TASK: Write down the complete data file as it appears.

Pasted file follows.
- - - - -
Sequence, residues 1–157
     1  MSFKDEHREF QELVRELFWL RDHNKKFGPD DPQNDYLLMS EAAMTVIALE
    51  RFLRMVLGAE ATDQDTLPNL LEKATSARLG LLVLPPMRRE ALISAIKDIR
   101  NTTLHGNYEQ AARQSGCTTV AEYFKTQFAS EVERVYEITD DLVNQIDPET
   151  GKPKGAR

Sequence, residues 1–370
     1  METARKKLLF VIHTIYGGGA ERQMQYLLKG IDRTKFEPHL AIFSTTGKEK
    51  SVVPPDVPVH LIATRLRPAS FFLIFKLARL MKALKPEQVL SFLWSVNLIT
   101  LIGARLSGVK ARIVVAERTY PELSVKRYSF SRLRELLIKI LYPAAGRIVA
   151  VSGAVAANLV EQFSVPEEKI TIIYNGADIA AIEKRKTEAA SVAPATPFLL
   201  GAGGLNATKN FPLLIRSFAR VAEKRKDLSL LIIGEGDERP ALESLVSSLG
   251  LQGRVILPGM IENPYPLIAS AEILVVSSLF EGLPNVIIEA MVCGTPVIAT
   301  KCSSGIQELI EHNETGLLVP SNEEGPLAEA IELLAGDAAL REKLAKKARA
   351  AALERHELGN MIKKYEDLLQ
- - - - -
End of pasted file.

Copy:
Sequence, residues 1–157
     1  MSFKDEHREF QELVRELFWL RDHNKKFGPD DPQNDYLLMS EAAMTVIALE
    51  RFLRMVLGAE ATDQDTLPNL LEKATSARLG LLVLPPMRRE ALISAIKDIR
   101  NTTLHGNYEQ AARQSGCTTV AEYFKTQFAS EVERVYEITD DLVNQIDPET
   151  GKPKGAR

Sequence, residues 1–370
     1  METARKKLLF VIHTIYGGGA ERQMQYLLKG IDRTKFEPHL AIFSTTGKEK
    51  SVVPPDVPVH LIATRLRPAS FFLIFKLARL MKALKPEQVL SFLWSVNLIT
   101  LIGARLSGVK ARIVVAERTY PELSVKRYSF SRLRELLIKI LYPAAGRIVA
   151  VSGAVAANLV EQFSVPEEKI TIIYNGADIA AIEKRKTEAA SVAPATPFLL
   201  GAGGLNATKN FPLLIRSFAR VAEKRKDLSL LIIGEGDERP ALESLVSSLG
   251  LQGRVILPGM IENPYPLIAS AEILVVSSLF EGLPNVIIEA MVCGTPVIAT
   301  KCSSGIQELI EHNETGLLVP SNEEGPLAEA IELLAGDAAL REKLAKKARA
   351  AALERHELGN MIKKYEDLLQ